Long-awaited CAP reform details have been delayed by at least another three weeks – making it all but impossible for farmers in England to plan autumn cropping.
Despite repeated requests by industry leaders, DEFRA has yet to reveal how it will implement controversial “greening” rules requiring farmers to grow a range of crops and establish ecological focus areas in return for support. Any details will now remain under wraps until after 22 May. This is because parliamentary convention prevents the government from making announcements that could be seen as giving it a political advantage in the run-up to the European and local elections.
The new rules require farmers with more than 30ha of arable land to grow at least three crops from 1 January 2015. But DEFRA has not yet said when those crops must be in the ground to count towards the requirement – so farmers cannot easily factor the new rule into cropping plans.
Farmland features which will count towards ecological focus areas also remain unknown. Coupled with a new online payments system, farm leaders fear a repeat of the “meltdown” caused by the introduction of the Single Payment Scheme in 2005.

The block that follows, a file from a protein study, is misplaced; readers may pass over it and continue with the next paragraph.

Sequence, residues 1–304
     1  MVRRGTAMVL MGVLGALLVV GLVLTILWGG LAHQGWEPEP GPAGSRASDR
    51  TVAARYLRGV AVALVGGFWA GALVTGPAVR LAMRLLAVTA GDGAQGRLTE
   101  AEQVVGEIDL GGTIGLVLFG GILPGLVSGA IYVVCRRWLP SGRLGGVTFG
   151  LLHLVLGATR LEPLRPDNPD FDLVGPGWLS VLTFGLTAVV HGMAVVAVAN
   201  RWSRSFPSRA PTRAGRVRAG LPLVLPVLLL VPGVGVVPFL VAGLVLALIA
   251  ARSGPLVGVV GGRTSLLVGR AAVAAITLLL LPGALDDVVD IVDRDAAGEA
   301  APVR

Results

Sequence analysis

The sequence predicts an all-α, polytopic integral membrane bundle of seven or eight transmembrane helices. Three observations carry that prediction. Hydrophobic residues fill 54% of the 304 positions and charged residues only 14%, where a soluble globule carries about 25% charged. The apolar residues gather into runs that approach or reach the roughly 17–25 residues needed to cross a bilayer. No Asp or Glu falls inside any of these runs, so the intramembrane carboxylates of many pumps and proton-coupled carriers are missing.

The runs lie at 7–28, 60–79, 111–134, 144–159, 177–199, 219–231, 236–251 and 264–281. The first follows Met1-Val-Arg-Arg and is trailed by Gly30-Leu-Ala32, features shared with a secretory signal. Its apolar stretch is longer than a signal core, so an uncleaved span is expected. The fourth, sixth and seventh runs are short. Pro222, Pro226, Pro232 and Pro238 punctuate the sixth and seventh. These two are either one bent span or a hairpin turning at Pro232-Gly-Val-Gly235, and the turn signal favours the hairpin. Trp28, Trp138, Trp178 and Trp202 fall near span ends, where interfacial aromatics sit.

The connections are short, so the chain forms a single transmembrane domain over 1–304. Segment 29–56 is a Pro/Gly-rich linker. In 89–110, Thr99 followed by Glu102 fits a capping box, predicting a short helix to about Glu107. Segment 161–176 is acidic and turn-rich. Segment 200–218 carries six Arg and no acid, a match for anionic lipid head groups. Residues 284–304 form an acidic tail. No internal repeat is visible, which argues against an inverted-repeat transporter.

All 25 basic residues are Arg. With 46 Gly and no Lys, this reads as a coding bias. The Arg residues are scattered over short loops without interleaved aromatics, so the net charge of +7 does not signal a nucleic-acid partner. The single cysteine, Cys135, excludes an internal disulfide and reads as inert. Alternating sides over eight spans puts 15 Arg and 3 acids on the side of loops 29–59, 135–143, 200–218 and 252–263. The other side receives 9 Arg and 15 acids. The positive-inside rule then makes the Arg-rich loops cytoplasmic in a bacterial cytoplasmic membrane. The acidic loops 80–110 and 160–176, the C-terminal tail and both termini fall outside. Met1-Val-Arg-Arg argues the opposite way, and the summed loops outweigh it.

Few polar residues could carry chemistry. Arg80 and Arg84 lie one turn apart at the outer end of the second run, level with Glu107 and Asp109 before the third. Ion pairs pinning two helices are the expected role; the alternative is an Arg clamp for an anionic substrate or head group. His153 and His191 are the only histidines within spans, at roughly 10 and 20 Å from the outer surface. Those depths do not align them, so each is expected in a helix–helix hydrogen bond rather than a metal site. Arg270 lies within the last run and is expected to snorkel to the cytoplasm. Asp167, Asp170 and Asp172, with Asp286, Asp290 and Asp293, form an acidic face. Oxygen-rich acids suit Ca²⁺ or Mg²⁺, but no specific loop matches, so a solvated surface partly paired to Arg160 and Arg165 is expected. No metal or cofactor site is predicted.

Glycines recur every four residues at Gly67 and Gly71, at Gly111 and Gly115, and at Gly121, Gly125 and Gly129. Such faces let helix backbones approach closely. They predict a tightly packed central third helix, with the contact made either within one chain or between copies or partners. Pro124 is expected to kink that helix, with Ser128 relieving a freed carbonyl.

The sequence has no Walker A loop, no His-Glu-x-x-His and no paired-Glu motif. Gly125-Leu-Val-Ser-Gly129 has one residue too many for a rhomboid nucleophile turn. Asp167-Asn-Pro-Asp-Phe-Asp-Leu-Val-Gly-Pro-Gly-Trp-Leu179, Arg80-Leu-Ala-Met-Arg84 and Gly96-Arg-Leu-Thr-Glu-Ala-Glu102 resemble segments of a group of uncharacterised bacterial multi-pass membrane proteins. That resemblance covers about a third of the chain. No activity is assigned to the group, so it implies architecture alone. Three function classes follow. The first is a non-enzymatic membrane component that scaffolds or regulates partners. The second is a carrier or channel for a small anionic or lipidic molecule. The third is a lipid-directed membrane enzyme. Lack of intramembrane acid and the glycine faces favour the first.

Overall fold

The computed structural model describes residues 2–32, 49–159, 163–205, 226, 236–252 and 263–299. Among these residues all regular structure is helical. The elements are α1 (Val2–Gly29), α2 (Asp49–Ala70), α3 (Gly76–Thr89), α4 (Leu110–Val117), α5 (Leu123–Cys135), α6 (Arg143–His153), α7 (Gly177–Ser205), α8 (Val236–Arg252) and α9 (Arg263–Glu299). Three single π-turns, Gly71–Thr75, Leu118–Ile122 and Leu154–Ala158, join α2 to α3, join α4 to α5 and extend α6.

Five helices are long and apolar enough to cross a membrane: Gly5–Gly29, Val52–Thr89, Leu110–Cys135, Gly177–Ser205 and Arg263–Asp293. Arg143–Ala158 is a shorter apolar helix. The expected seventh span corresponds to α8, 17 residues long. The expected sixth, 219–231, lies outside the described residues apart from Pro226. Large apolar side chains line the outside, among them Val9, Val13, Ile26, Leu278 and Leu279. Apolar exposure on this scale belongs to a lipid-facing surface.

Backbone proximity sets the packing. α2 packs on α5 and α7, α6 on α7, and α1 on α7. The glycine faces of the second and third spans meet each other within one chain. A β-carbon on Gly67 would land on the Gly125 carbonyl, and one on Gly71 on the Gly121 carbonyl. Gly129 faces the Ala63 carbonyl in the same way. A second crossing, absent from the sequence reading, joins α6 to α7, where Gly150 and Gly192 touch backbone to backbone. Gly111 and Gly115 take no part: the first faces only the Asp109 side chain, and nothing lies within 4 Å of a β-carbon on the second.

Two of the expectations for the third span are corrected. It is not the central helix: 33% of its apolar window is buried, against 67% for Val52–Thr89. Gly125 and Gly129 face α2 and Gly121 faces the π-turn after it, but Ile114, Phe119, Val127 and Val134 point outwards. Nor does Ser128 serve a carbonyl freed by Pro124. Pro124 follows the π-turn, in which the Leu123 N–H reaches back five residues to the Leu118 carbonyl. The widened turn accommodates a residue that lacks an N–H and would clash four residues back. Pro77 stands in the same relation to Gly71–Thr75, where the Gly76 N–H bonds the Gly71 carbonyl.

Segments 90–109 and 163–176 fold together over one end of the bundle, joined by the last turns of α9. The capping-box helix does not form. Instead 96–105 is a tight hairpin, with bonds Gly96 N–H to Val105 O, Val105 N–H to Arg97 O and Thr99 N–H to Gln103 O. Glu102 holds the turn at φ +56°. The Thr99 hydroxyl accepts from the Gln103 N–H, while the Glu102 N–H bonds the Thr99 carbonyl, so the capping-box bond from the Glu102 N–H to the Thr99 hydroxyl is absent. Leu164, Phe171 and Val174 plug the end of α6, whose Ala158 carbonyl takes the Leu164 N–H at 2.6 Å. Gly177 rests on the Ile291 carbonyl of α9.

NFU chief economist Phil Bicknell said: “The longer these decisions are delayed, the more challenging it will be for farmers to comply.” It would soon become difficult for farmers to make timely decisions, let alone secure farm inputs, he added.
“It all starts to have consequences. I don’t think we are at the stage yet where we start talking about any delays to implementation. But I do think that we need to stress that any penalties [for farmers who fall foul of the new rules] must be proportionate.”
A DEFRA spokewoman said: “We are aware that farmers need to know about greening and other CAP announcements soon, so policy and ministers are working on making sure we can develop a CAP that works for farmers and taxpayers while staying within the commission’s complex rules.”
She added: “It’s better that we get this right now, rather than rushing it through and making mistakes.”